GeForce GTX 780: The Card
I continue to be impressed by Nvidia’s industrial design. Sexy isn’t a word I typically ascribe to a piece of PC hardware, but it’s hard not to admire the GeForce GTX 690, Titan, and now the 780. Aesthetically, GeForce GTX 780 is almost identical to Titan, aside from the GTX 780 etched in the front of the card’s shroud. Consequently, everything I said about Titan in my February launch coverage applies here, too.
We’re looking at another 10.5”-long board, which, again, is half of an inch shorter than AMD’s Radeon HD 7970. And whereas the Tahiti-powered competition employs a cheaper-feeling plastic cover, GTX 780 sports a familiar aluminum shell surrounding a polycarbonate window that peers into the card’s heat sink. Unfortunately, the magnesium alloy fan housing we were treated to on GeForce GTX 690 is gone, just as it was with Titan.
Similar also is the centrifugal fan that effectively exhausts heated air from the 780’s rear I/O panel. This is a particularly big deal in multi-card configurations, since you don’t want waste heat getting recirculated back into your case, sabotaging your CPU overclock.
One thing Nvidia says it does improve on GeForce GTX 780 compared to Titan, however, is fan control. The company boasts that it developed a controller with an adaptive temperature filter and a thermally-targeted software algorithm that more intelligently maintains consistent fan speeds. On paper, the change is quite small—100-RPM fluctuations are tightened up to a roughly 20-RPM range. But that’s enough, purportedly, to bring noise down a few decibels compared to the GeForce GTX 680.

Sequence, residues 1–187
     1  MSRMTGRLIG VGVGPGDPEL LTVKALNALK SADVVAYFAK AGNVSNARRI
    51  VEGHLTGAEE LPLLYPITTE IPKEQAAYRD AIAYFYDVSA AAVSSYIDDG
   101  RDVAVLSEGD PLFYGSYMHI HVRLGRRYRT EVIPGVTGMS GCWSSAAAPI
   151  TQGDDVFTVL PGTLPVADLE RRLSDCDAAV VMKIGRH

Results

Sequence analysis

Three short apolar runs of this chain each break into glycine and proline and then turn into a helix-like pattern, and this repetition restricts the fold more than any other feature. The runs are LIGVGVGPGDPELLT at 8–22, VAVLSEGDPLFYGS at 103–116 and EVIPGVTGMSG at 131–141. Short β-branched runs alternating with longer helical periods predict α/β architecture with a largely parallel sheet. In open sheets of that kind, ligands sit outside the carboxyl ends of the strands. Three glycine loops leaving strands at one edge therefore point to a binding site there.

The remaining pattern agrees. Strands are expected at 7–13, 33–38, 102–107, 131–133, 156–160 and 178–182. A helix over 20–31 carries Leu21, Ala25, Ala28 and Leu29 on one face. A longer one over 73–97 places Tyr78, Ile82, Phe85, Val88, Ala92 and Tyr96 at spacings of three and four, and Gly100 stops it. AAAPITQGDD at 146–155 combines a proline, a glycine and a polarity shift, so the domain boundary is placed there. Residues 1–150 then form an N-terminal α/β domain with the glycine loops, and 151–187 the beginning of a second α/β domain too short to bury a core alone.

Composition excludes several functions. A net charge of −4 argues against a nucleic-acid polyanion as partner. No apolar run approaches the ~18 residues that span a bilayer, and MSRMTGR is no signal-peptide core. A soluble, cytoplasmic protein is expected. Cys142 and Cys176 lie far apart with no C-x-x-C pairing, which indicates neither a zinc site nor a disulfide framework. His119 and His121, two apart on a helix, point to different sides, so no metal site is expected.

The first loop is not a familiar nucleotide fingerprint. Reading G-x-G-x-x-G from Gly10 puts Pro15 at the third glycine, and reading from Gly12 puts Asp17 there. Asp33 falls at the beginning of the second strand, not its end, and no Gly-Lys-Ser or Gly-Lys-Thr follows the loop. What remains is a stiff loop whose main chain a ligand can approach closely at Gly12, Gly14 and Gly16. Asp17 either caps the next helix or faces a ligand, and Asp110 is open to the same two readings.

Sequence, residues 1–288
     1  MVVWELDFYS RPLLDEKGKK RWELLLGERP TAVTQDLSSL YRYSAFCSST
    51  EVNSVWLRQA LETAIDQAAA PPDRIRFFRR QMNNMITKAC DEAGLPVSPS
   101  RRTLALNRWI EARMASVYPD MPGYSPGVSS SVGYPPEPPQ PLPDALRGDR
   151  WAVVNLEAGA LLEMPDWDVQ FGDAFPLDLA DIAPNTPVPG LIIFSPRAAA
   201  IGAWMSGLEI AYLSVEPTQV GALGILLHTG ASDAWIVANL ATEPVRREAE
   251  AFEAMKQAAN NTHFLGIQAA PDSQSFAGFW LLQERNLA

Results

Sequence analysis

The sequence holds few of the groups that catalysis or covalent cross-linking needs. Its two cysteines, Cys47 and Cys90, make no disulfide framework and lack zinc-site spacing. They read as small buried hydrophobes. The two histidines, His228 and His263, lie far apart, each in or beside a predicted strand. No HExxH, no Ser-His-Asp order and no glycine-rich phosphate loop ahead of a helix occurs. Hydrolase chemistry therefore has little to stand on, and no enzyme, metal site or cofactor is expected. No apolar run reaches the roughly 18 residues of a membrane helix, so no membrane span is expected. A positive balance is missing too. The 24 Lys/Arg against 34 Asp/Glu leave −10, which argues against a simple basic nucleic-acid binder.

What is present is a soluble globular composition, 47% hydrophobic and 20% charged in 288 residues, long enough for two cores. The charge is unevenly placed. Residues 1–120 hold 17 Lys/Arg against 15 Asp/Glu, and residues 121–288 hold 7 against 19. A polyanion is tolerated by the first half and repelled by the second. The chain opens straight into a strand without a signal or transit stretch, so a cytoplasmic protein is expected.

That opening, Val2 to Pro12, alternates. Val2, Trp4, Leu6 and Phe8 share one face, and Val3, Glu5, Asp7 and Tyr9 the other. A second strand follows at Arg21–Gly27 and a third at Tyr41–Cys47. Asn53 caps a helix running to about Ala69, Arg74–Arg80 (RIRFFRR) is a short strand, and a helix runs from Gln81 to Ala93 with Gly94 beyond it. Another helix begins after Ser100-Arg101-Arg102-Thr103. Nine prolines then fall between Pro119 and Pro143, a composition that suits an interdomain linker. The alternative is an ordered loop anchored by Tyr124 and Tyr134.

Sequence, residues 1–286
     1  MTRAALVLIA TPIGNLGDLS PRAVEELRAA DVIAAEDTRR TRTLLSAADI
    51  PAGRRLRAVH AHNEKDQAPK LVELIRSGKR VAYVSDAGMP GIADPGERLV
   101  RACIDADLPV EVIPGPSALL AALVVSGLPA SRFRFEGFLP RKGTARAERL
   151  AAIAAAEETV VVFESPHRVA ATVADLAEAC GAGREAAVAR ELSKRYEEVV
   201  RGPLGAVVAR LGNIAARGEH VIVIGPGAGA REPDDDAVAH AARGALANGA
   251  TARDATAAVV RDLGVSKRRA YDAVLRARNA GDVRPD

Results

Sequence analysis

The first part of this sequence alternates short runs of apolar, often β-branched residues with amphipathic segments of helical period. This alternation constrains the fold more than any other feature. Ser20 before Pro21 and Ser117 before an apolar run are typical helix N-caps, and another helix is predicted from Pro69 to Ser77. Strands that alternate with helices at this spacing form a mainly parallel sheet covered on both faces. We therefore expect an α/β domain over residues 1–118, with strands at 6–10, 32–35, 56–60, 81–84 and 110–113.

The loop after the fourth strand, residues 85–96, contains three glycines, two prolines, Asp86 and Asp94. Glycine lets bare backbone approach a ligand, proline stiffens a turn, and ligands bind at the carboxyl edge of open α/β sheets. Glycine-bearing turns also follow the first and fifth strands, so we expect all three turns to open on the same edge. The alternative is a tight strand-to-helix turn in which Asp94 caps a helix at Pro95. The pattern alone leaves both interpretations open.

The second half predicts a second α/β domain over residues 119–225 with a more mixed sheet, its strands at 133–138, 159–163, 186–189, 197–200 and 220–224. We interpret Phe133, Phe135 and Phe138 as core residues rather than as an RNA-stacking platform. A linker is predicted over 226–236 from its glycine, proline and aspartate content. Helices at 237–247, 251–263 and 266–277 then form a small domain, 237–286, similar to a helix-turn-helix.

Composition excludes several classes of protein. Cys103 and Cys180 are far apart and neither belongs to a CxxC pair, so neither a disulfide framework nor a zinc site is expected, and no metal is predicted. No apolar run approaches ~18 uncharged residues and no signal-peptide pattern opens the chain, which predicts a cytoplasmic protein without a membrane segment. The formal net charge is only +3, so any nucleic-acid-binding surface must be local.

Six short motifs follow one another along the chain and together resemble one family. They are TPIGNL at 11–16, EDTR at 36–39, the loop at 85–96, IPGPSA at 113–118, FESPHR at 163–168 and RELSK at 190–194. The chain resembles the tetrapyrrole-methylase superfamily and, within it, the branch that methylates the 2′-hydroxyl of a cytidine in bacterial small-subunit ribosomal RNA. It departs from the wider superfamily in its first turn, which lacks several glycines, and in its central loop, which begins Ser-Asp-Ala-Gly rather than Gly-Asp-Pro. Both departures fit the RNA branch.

Oddly, no acoustic comparisons are drawn to Titan, which we assume means that noise is comparable between the two cards. This makes sense, given similar GPUs and industrial designs. Moreover, the GeForce GTX 780 and Titan share a 250 W TDP. So it’s hardly a surprise that they both have eight- and six-pin auxiliary power connectors, too.
Display connectivity also gets replicated from the GeForce GTX Titan to the 780. Two dual-link DVI outputs, HDMI, and DisplayPort enable as many as four simultaneous screens. You can use three in Surround and a fourth as a Windows desktop screen, just sort of hanging out. By far, triple-screen arrays are the most attractive with a card like this, though.
Nvidia says that the GeForce GTX 780 will completely replace the GeForce GTX 680 in its line-up and sell for $650. That’s an almost $200 premium for 780’s additional performance in games and a bit of acoustic dampening. Meanwhile, Radeon HD 7970 GHz Edition cards are selling for $450 and significantly outpacing the old GK104-based 680. Without a solution back down in the GeForce GTX 680’s price range, AMD is going to eat that space up (particularly with non-GHz Edition cards going for $400). It’s a pretty poorly-kept secret that more GeForce GTX 700-series cards are on their way, and those should help. The question for today is: does GeForce GTX 780’s speed warrant that greater-than 40% increase in price?